Zimbabwe: Former US Rep Reynolds pleads not guilty

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Photo - Former U S Congressman, Mel Reynolds, arrives to appear at the magistrates courts in Harare, Wednesday, Feb. 19, 2014. Reynolds was arrested  in Zimbabwe for allegedly possessing pornographic material and violating immigration laws. (AP Photo/Tsvangirayi Mukwazhi)
Former U S Congressman, Mel Reynolds, arrives to appear at the magistrates courts in Harare, Wednesday, Feb. 19, 2014. Reynolds was arrested in Zimbabwe for allegedly possessing pornographic material and violating immigration laws. (AP Photo/Tsvangirayi Mukwazhi)
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HARARE, Zimbabwe (AP) — Former U.S. Rep. Mel Reynolds pleaded not guilty in a Zimbabwe court on Wednesday to charges of possessing pornography and must spend another night in jail before he can apply for bail.

Reynolds will appear in court again on Thursday for his bail hearing. Also on Thursday, he will be asked to enter a plea on a separate charge of breaking Zimbabwe's immigration laws.

Wearing a dark suit and open-necked white shirt with no tie, Reynolds, who lost his seat representing Illinois almost 20 years ago after being convicted of statutory rape, smiled as he walked past journalists' cameras into the courthouse. He told reporters he had received no assistance from the U.S. Embassy.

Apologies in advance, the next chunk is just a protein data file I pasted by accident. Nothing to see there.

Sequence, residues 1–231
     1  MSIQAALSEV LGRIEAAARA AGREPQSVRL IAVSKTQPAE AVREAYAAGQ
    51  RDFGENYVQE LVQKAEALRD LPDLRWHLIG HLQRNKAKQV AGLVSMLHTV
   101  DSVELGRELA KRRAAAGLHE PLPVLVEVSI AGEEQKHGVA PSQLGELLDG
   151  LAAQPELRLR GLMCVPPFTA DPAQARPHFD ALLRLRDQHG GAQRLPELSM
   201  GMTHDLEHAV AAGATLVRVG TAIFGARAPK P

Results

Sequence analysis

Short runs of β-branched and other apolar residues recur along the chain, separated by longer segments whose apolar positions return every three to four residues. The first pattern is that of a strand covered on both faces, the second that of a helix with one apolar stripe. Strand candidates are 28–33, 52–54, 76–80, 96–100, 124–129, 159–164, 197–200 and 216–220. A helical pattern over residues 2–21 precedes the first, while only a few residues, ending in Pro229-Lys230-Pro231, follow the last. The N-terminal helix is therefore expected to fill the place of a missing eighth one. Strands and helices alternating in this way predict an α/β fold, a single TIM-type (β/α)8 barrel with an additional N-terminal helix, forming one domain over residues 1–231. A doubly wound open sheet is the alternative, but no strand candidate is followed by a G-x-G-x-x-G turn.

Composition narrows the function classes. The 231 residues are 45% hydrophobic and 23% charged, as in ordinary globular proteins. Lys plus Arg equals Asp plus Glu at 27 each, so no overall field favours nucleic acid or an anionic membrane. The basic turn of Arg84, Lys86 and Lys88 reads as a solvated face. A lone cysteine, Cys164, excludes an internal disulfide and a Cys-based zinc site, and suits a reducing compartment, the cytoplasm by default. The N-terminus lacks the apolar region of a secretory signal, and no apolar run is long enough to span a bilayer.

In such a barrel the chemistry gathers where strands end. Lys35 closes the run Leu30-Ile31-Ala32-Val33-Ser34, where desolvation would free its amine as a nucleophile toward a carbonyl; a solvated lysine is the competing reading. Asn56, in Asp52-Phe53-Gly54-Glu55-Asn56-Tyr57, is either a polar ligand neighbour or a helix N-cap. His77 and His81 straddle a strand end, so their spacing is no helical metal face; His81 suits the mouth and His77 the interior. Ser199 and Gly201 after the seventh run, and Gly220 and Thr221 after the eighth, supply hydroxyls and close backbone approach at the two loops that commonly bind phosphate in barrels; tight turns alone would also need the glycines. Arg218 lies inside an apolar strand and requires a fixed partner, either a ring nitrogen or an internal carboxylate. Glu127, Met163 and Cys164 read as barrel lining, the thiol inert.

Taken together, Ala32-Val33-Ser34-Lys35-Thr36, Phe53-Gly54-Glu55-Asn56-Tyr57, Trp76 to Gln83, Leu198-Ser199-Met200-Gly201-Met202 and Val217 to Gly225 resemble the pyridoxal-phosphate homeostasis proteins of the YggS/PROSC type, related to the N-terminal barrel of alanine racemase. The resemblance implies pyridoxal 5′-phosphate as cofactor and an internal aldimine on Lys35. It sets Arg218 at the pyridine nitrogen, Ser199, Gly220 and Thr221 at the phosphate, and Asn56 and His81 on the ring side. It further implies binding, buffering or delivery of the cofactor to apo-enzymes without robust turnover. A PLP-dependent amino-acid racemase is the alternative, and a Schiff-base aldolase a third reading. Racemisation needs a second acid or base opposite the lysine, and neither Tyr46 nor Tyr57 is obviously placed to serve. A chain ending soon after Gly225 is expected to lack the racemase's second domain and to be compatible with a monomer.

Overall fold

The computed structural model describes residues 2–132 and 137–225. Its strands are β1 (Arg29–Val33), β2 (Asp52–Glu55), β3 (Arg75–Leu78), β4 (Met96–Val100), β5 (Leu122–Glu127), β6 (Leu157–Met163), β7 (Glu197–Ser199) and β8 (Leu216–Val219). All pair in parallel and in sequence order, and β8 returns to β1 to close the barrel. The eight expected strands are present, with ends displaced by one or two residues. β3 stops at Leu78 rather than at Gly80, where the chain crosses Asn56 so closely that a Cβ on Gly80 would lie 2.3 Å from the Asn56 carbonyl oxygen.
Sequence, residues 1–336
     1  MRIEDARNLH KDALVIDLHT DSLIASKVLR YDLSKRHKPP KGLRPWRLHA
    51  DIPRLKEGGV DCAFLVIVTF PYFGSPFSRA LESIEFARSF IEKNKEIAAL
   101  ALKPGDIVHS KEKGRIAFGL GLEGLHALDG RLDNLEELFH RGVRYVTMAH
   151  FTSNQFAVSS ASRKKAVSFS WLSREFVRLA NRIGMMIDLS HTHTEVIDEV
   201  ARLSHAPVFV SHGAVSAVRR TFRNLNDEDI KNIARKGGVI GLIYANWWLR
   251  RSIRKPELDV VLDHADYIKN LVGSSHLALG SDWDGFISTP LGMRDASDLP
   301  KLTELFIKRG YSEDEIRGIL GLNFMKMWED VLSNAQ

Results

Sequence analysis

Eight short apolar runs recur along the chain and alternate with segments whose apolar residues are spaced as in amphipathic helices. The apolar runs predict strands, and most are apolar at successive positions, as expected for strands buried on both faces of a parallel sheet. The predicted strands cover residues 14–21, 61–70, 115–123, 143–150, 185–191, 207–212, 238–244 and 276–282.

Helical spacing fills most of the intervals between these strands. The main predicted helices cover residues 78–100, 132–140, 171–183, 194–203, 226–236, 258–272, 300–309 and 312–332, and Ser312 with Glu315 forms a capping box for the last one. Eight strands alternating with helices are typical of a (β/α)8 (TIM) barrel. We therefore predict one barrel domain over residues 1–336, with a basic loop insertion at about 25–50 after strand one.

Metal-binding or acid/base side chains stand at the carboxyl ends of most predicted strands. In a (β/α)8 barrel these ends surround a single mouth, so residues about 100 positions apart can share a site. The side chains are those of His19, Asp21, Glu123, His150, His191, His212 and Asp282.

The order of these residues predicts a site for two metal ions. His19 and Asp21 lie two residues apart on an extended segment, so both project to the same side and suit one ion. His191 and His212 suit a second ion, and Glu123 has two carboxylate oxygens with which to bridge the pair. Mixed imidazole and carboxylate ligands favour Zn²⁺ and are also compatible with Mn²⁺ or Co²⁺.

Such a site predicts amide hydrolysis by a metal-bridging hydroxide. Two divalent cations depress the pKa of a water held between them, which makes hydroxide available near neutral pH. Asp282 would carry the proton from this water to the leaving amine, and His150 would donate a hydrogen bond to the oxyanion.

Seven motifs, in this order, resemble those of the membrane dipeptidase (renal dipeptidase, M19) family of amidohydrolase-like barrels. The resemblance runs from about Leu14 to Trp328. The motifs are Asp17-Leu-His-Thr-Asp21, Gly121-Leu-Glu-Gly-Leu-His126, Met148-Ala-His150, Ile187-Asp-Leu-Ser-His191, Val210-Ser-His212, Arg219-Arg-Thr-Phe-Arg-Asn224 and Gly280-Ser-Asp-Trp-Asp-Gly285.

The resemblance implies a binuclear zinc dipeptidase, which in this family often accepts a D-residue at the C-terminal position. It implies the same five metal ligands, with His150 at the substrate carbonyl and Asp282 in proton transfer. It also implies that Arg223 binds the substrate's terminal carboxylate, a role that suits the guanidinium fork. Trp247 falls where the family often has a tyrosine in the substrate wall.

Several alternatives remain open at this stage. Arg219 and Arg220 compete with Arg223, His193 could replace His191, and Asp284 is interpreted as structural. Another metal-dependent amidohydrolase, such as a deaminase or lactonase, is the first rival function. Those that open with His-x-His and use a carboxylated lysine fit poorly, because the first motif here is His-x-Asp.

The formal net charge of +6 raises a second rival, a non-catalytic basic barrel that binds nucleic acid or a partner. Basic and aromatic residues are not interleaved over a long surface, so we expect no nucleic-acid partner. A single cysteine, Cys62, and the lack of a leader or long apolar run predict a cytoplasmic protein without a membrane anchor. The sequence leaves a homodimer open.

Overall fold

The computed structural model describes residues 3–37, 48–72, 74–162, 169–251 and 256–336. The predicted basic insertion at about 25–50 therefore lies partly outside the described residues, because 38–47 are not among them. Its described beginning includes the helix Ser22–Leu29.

Reynolds, who is 62, allegedly overstayed his visa and brought several Zimbabwean models and other women to his hotel room where he took photographs and videos, according to Zimbabwe's state-controlled newspaper, The Herald.

In Zimbabwe, Reynolds reportedly helped draw investment to hotel and office projects and is also known for his opposition to U.S. sanctions against President Robert Mugabe.

Reynolds, a Harvard graduate and former Rhodes scholar, was once viewed as a rising star in the Democratic Party. He resigned from his congressional seat in 1995 after he was convicted by a jury of having sex with a former campaign worker while she was underage, and then trying to thwart the investigation. While in prison he was also convicted of bank and campaign fraud for concealing debts to obtain bank loans and diverting money intended for voter registration drives into his election campaign.

He was in jail until his sentence was commuted by then-President Bill Clinton in January 2001.

He made unsuccessful runs to regain a seat in Congress in 2004 and in 2013.

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